The Effects of Preoperative Anxiety on Intravenous Sedation

In: Health

15 Sep 2009

The Effects of Preoperative Anxiety on Intravenous Sedation

Anxiety describes an unpleasant emotional state or condition. Anxiety states are characterized by subjective feelings of apprehension, nervousness, tension, and worry when subjected to an anxiety-provoking stimulus, such as going to the dentist or oral surgeon. Anxiety-provoking stimuli also cause a neuroendocrine response that contributes to the anxious state. This neuroendocrine response is associated with characteristic hemodynamic and metabolic effects. The neuroendocrine response to an anxiety-provoking stimulus, along with the subjective feelings of anxiety, makes up the anxiety state of the individual.

Anxiety is also used in psychology to describe individual differences in anxiety proneness as a personality trait (trait anxiety). In contrast to the transitory nature of emotional states, personality traits are enduring differences among people in reacting or behaving in a certain way with predictable regularity. State anxiety is defined as the subjective feelings of nervousness, apprehension, and tension when one is subjected to an anxiety-provoking stimulus. The trait anxiety of an individual implies differences between people in the disposition to respond to stressful situations with varying amounts of state anxiety. Therefore, it follows that those individuals with higher trait anxiety should respond with an increased state anxiety in a situation that they perceive as hostile or dangerous, an anxiety-provoking situation. Those people in an anxiety-provoking situation have increased subjective feelings of worry and apprehension, as well as a more dramatic neuroendocrine response to the stimulus. This increased neuroendocrine response results in increased cardiovascular activity and a more altered or activated metabolism. viagra online pharmacy

During surgical procedures, many complications can arise. Intraoperative movement is one of these complications. Spontaneous movement, coughing, and hic-coughs can occur in unparalyzed patients during the most stimulating portion of a surgical procedure. In tooth extraction procedures, the most stimulating portions would be injection of the local anesthetic, drilling, and other surgical stimuli (incising tissue, developing a flap). It has been shown that larger amounts of anesthetic are required to blunt uninvited intraoperative movement, which could increase the time to anesthetic emergence and procedural costs and may result in increased postoperative emesis.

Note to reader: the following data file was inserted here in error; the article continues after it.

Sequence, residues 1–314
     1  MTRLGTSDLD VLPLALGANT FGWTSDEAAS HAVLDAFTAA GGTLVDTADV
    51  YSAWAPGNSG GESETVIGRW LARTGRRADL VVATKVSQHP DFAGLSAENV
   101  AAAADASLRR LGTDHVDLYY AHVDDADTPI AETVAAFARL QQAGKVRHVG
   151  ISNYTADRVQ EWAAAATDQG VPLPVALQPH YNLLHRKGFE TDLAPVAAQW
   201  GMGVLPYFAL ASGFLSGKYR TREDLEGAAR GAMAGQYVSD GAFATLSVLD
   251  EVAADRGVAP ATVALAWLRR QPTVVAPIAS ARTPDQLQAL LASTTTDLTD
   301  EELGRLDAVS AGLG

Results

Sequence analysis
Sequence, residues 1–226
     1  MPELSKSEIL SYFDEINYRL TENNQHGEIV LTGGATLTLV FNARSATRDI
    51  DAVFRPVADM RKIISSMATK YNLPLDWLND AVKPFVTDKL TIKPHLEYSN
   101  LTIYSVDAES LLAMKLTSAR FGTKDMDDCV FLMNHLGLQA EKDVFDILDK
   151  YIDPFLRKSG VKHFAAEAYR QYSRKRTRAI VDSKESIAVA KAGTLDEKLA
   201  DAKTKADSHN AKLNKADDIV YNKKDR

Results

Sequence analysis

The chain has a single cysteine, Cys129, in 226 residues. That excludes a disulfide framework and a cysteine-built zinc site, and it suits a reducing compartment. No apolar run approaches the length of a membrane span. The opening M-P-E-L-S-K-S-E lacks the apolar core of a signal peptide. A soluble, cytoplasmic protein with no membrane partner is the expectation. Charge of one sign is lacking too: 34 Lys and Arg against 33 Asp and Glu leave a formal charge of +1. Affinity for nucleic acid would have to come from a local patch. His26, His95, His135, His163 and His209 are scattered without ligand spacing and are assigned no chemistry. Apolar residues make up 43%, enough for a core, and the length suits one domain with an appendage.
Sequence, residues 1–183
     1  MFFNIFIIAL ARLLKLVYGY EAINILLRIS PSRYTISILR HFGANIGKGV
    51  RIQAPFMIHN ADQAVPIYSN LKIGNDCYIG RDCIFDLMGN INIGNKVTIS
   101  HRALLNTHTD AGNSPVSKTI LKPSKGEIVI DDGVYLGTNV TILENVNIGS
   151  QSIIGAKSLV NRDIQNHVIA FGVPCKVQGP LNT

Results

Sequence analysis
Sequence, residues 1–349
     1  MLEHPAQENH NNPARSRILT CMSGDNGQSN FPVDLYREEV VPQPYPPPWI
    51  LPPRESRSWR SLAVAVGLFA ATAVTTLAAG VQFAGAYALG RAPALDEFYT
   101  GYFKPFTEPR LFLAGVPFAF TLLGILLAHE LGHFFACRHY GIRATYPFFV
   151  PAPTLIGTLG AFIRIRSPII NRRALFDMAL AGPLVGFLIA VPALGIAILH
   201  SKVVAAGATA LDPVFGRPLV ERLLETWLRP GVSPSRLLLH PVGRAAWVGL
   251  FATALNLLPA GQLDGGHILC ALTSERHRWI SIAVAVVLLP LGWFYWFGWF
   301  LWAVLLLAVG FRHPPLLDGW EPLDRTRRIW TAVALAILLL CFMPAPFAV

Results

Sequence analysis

Studies have also examined a relationship between preoperative anxiety and the amount of anesthetic to maintain adequate anesthesia. It has been shown that high baseline anxiety predicts increased intraoperative anesthetic requirements to maintain a clinically sufficient hypnotic component of the anesthetic state. The finding that these patients require more intraoperative anesthetic suggests that the hypnotic state is clinically insufficient, and the patient may be prone to movement. This has been demonstrated in patients undergoing procedures with administration of general anesthesia. In 1996, Ellis was able to assess the relationship between preoperative anxiety and the amount of intraoperative movement of patients under intravenous sedation. The study used a subjective scale to grade the behavioral characteristics of patients while under intravenous sedation and showed that those who were very anxious were much more prone to movement during the procedure. The purpose of the current study is to evaluate the effects of preoperative anxiety on the amount of sedative medication administered and intraoperative movement in patients receiving intravenous sedation for extraction of third molars. levitra plus


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Blog invites submissions of review articles, reports on clinical techniques, case reports, conference summaries, and articles of opinion pertinent to the control of pain and anxiety in dentistry.